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Rahm and Residency

The news that a panel of Illinois Court of Appeals Court judges have ruled Rahm Emanuel ineligible to run for mayor of Chicago because he is not a resident of that city has mostly been greeted with cheers and jeers from Rahm-bo's various detractors, Left and Right. Others probably assume it's a problem that will be fixed, one way or another, before the mayoral primary on February 22.

On this last issue, I don't think there's much doubt the ruling creates large and immediate problems for the man leading every poll for the Democratic mayoral nomination. Early voting begins one week from today. And election officials are scheduled to begin printing ballots tonight (the process had been delayed pending this decision), without Emanuel's name. There's not much time for appeals or any other sort of maneuvering.

On the broader question of the ruling's "fairness" (putting aside the proper interpretation of Illiinois' unusually strict residency requirements for candidates), it's obviously something of a travesty. Not only is Emanuel a native Chicagoan who has spent most of his life there, and represented the city and state in Congress; he is often said to personify the "Chicago" approach to politics. He's a non-Chicagoan only in the sense that John F. Kennedy might have been considered a non-Bostonian because he left town to serve in the Navy, the Congress and the White House.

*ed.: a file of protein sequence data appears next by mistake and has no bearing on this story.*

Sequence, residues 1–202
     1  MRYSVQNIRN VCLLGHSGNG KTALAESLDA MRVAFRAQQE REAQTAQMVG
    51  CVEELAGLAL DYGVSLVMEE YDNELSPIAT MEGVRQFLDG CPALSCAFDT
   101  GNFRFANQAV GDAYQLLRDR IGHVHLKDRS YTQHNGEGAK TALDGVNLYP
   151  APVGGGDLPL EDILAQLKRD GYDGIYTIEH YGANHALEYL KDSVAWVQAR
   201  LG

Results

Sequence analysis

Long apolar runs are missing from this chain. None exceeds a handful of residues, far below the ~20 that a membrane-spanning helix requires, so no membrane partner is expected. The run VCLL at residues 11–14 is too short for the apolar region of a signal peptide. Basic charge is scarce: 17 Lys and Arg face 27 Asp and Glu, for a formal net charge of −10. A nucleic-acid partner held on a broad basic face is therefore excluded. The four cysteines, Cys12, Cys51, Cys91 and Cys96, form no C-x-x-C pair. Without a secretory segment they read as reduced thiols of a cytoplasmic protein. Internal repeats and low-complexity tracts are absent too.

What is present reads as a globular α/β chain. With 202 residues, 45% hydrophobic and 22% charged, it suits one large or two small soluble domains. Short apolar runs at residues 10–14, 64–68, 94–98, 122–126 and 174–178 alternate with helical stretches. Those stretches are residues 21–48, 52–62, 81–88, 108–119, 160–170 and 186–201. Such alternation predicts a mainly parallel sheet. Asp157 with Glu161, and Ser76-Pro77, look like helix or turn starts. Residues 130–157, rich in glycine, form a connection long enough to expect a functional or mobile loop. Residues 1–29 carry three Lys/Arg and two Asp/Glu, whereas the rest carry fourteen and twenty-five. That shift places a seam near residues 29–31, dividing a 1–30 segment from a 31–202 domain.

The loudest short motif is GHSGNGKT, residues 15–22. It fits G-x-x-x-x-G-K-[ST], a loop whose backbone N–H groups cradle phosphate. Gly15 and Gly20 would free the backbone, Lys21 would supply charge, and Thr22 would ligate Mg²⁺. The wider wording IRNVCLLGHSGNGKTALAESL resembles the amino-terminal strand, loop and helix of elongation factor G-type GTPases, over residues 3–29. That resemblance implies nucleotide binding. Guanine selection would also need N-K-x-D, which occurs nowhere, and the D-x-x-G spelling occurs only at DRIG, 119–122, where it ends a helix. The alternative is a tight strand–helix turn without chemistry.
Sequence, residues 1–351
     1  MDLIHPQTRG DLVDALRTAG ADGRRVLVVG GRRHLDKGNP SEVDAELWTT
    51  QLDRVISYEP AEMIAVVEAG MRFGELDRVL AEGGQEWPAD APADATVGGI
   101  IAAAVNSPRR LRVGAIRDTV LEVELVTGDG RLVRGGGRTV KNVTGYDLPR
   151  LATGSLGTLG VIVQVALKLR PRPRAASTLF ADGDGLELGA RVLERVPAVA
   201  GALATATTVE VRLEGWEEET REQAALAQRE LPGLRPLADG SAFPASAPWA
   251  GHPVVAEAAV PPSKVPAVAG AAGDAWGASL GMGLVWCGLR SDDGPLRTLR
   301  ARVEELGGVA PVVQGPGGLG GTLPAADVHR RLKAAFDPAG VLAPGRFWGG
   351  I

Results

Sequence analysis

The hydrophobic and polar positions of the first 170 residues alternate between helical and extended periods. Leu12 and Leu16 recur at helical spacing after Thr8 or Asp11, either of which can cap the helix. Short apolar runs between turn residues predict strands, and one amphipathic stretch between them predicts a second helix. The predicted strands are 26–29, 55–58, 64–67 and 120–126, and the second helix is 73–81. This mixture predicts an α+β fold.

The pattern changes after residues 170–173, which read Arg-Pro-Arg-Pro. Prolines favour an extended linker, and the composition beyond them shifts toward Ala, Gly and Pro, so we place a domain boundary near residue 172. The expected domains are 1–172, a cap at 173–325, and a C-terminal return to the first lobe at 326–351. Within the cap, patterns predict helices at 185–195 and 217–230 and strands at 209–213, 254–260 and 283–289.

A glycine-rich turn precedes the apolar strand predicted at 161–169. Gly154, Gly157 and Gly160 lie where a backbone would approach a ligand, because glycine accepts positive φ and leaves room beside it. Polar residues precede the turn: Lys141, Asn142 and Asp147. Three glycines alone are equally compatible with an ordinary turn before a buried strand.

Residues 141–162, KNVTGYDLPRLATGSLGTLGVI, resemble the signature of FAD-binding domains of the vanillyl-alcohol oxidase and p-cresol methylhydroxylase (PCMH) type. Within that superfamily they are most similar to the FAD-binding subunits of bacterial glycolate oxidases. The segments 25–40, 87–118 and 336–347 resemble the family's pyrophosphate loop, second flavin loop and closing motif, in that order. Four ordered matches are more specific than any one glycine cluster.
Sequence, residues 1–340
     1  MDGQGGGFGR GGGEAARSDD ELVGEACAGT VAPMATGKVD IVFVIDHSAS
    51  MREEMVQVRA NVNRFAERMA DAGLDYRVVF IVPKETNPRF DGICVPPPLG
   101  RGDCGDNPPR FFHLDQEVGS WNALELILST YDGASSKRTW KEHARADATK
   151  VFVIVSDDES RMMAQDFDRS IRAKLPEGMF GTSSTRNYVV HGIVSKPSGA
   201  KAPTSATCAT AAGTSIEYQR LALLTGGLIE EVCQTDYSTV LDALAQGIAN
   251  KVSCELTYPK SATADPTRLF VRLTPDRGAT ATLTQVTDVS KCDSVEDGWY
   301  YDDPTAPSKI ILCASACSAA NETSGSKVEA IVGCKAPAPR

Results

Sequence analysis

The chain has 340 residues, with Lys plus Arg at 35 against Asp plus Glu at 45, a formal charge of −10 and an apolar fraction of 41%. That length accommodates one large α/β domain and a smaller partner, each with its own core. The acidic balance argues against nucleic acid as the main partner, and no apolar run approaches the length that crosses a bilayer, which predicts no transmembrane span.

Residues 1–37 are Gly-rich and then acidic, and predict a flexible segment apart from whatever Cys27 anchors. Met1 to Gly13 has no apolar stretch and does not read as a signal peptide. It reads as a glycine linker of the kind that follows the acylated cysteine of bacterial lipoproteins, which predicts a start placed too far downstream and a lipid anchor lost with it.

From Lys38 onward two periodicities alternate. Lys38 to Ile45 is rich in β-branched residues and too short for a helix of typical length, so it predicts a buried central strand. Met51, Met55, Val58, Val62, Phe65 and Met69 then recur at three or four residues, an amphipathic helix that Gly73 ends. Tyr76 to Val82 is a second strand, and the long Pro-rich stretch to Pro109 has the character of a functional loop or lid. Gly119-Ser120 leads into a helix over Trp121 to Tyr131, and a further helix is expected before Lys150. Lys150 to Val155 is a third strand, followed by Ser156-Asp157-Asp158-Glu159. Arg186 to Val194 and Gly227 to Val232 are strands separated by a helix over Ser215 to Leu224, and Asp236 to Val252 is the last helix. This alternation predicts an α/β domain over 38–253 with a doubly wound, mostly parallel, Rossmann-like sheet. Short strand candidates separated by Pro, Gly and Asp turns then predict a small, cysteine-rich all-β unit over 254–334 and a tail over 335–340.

You also have to wonder how Alan Keyes managed to qualify to run for the U.S. Senate from Illinois in 2004 against Rahm's former boss, the President of the United States, having never resided in the state for a moment until he was tapped to replace a disgraced Republican candidate.

Residency requirements are often hazy and even more often abused, as you might expect in a country where the national elites are typically temporary residents of the capitol, with a remarkable number of them harboring political ambitions "back home," even if they can't afford to maintain a physical residence in two places. As you may recall from last year's political cycle, Dan Coats of Indiana managed to get returned to the U.S. Senate as a Hoosier despite having voted in Virginia for a decade and then buying a retirement home in still another state. My personal favorite residency story involved then-Senator, now-proto-presidential-candidate Rick Santorum, who by all accounts was living in the Horse Country of Virginia while the taxpayers of Pennsylvania bore the cost of an internet-based charter school education for his kids (Santorum eventually decided to home-school the kids).

Since there's zero doubt Emanuel intended to remain a Chicagoan, and did nothing that cost the people of his city or state a dime for living elsewhere for a couple of years, it's weird he could be disqualified. If he's a carpetbagger, then so was Scarlett O'Hara.